The Kicking + Screening festival will be back to celebrate the beautiful game on the big screen from June 6 until 9, 2017, with four international films including a French entry. The festival’s American founder, Rachel Markus, explains how she managed to combine soccer and cinema.
France-Amérique: How was the Kicking + Screening festival born?
Rachel Markus: I traveled a lot as part of my studies in international politics. Some of the places I visited included Mexico, Yemen, England and Costa Rica, and I realized soccer was a universal language. I later met Greg Lalas while on a trip to New York in 2008. His older brother, Alexi Lalas, played as a defender for the U.S. national soccer team at the 1994 World Cup. I told him about my project, and he loved it! On July 14, 2009, we opened the first edition of the festival with one of my favorite films, the documentary Les Yeux dans les Bleus, about the 1998 French team. The venue was sold out!
How do you combine sport and cinema as part of a festival?
Soccer in cinema is just a theme. Kicking + Screening showcases spectators’ passion for beautiful matches and inspiring human stories, the emergence of young players and the hope they embody, the excitement that makes towns and villages tremble as one in the stands, and the pride of traveling to support a team at the World Cup. I was in Marseille in 1998 when France beat Brazil in the World Cup final. An unforgettable energy flooded through the whole country, united in victory.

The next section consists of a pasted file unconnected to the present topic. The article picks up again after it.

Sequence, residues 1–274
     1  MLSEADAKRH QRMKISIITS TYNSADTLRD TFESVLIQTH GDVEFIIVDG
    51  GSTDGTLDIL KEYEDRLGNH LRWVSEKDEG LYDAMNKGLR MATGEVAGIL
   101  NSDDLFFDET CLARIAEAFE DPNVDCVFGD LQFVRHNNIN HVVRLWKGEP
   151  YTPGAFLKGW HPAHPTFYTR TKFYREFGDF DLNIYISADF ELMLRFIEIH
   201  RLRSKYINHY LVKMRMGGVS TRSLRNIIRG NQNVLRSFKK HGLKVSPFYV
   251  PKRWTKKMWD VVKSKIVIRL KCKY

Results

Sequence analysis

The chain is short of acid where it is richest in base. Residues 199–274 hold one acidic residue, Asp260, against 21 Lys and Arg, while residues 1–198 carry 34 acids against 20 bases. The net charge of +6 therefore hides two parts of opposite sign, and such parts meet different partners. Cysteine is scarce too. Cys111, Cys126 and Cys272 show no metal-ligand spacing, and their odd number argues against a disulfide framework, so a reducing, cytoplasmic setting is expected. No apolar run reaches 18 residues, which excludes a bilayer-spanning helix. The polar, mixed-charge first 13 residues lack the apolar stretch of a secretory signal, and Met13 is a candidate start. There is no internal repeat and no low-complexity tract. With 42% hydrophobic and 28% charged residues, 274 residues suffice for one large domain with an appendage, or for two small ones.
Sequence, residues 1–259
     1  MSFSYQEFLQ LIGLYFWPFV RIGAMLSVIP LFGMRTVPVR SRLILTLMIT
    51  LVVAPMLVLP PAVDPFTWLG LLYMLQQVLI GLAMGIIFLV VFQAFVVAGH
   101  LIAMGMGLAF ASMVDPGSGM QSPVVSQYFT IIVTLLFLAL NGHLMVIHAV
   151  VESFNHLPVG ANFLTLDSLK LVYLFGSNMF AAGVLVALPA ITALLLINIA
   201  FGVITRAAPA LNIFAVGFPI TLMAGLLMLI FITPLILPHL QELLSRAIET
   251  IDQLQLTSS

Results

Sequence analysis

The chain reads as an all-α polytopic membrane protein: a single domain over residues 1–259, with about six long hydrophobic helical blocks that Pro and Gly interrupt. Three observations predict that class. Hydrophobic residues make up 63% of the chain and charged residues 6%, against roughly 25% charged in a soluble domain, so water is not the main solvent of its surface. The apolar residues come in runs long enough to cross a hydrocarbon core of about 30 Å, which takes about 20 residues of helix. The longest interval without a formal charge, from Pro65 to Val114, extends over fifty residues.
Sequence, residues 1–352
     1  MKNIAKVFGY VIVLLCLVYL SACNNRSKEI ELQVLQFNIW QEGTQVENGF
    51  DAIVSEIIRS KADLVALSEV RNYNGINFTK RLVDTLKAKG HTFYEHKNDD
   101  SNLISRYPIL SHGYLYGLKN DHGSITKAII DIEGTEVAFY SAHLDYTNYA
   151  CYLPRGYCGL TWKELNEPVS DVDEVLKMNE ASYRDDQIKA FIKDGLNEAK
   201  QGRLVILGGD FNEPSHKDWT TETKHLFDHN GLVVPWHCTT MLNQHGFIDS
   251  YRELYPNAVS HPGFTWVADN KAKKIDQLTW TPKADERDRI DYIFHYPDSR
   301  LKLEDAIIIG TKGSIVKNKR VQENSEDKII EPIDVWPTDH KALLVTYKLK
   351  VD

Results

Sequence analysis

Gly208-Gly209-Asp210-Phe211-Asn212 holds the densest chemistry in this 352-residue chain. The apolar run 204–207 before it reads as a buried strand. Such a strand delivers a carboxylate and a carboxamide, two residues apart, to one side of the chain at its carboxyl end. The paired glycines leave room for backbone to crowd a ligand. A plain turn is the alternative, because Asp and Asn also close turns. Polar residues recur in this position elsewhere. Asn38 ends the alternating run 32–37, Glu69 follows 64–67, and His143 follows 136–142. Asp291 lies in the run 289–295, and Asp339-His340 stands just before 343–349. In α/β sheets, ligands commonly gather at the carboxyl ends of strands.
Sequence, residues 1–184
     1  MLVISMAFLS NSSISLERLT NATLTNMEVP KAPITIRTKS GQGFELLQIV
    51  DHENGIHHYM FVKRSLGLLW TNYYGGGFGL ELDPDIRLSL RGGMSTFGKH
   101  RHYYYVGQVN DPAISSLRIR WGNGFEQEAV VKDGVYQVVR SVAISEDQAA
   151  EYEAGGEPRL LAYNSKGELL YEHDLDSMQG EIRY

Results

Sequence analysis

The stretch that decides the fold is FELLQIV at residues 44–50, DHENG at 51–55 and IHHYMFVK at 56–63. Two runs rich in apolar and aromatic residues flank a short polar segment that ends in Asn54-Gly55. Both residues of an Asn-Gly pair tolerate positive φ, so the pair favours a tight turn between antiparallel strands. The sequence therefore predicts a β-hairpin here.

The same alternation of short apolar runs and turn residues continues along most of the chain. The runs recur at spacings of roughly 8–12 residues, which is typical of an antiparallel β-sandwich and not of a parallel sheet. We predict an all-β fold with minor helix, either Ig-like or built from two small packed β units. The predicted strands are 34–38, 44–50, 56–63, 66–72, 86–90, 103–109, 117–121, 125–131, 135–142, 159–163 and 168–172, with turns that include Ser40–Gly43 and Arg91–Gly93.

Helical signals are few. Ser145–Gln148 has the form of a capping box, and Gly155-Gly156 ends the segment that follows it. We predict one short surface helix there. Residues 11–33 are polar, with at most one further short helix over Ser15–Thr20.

How does the Kicking + Screening festival reflect the universality of sport?
The feedback from the first edition in 2009 was so positive that we wanted to take the event on the road. Kicking + Screening traveled to Copenhagen in 2014, then Prague and Abu Dhabi the following year. Presenting films of all nationalities is one of our priorities. This year we have movies from Iceland, Germany, the United States and France.
Can you tell us about the line-up this year?
Les Bleus : Une autre histoire de France is a documentary by French filmmakers David Dietz, Sonia Dauger and Pascal Blanchard, and paints an implicit portrait of France through its national soccer team between 1996 and 2016. “Twenty years of success, division and rekindled hope.” In Michael McNamara’s Celtic Soul, Canadian actor Jay Baruchel explores his Celtic roots in a sporting journey through Ireland, Wales and Scotland. Icelandic documentary maker Sævar Guðmundsson depicts the selection, training and qualification of his national team at the UEFA Euro 2016 in Inside a Volcano: The Rise of Icelandic Football. With its 329,000 citizens, Iceland was the smallest country ever to qualify for the competition. And in the comedy movie The 90-Minute War, Israeli-German director Eyal Halfon organizes a soccer match to settle the war between Israel and Palestine “once and for all!”
Kicking + Screening
From June 6 until 9, 2017
Scandinavia House, New York